CHICAGO — A Chicago Transit Authority operator may have fallen asleep shortly before a train jumped the platform at
Reports from the scene indicate the driver, whose name has not been released, told people she nodded off moments before the crash, said Robert Kelly, president of Amalgamated Transit Union Local 308.
"I can confirm that she was extremely tired," Kelly said. "Indications are she might have dozed off."
More than 30 people were hurt in the crash, though none of the injuries were considered life-threatening.
The eight-car train remained wedged over the airport escalator late Monday as federal investigators tried to determine how fast it had been going when the crash occurred. Though the escalator suffered significant damage, the adjacent stairs and the structure beneath appeared intact.
"The train is not going to go anywhere for the foreseeable future," said Tim DePaepe, a railroad accident investigator with the National Transportation Safety Board. "We need to examine the train and the position it's in prior to its movement."
The crash occurred about 2:50 a.m. Monday, during one of the station's lightest traffic times. Passenger Milka Overton counted only three people in her car as it approached the station.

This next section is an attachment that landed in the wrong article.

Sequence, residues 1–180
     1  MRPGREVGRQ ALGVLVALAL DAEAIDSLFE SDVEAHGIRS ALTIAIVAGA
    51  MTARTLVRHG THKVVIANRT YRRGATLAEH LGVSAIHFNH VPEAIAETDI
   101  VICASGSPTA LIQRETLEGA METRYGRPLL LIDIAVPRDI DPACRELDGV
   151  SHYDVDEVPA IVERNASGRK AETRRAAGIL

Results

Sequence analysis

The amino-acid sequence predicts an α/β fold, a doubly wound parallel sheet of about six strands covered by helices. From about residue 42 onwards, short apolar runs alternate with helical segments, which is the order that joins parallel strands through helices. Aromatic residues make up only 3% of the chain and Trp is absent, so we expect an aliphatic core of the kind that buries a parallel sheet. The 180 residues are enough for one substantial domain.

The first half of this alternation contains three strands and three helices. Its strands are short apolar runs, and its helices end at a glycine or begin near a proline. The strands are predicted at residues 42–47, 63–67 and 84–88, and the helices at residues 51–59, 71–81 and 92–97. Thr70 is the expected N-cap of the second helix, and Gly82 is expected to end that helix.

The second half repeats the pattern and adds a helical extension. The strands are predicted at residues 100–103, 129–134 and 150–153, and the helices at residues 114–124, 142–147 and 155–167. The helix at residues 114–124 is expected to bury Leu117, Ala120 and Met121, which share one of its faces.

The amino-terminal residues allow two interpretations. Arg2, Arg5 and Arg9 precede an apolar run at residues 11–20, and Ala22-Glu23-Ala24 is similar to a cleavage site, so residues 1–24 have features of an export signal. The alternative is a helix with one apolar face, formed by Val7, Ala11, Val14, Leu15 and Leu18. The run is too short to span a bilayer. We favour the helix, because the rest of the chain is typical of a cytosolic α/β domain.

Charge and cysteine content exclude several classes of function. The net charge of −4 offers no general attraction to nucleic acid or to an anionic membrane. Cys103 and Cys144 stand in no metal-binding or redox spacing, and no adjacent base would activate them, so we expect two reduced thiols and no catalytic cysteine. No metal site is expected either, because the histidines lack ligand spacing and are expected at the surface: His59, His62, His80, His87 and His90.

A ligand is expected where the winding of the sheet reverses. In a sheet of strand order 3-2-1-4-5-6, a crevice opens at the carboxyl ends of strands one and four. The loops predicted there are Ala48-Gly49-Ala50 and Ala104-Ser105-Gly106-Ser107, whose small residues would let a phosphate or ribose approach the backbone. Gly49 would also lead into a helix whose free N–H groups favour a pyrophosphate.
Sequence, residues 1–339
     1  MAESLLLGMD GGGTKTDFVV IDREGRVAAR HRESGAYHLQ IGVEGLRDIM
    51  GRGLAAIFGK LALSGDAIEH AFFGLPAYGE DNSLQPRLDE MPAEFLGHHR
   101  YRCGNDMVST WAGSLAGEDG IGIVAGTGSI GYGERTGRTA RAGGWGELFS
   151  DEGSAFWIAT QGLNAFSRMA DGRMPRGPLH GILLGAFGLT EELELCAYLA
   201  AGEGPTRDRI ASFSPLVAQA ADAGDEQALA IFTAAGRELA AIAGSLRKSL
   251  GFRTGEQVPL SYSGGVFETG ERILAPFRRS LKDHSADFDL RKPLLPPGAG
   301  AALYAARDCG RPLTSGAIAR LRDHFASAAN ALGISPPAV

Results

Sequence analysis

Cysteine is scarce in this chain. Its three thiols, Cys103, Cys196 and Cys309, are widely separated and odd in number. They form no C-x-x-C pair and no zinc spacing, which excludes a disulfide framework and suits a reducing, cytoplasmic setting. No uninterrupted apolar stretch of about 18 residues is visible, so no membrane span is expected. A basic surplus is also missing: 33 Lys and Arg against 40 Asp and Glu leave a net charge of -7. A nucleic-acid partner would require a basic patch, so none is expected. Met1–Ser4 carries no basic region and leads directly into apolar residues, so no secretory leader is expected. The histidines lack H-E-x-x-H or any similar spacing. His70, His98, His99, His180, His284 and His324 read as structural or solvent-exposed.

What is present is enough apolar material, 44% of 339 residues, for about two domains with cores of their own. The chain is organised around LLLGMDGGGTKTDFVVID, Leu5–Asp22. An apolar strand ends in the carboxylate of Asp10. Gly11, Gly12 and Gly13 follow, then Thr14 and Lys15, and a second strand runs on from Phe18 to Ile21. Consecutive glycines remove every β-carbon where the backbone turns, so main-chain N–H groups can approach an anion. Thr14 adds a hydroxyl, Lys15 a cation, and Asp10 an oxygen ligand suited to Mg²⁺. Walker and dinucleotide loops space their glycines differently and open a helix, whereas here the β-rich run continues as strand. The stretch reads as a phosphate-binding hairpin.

The 26-year-old Transportation Security Administration worker said she stood up as the train pulled into the terminal and waited for the doors to open so she could begin her work day. But the train seemed to speed up at the last minute, Overton said. She recalled a boom as the train went completely dark and she was flung across the car.
"Oh, Jesus, I got tossed so bad," Overton said after being discharged from the hospital. "I got tossed from one end of the train to the other end of the train."
Most of the injured passengers were treated for minor injuries and released.
The train operator remained hospitalized after suffering minor leg injuries. She reported to work about 8:45 p.m. Sunday, but officials refused to provide any other information about her employment history.
Federal authorities will be looking into the operator's work schedule, her activities in the week before the crash and her medical background, DePaepe said. The operator also underwent routine drug and alcohol testing.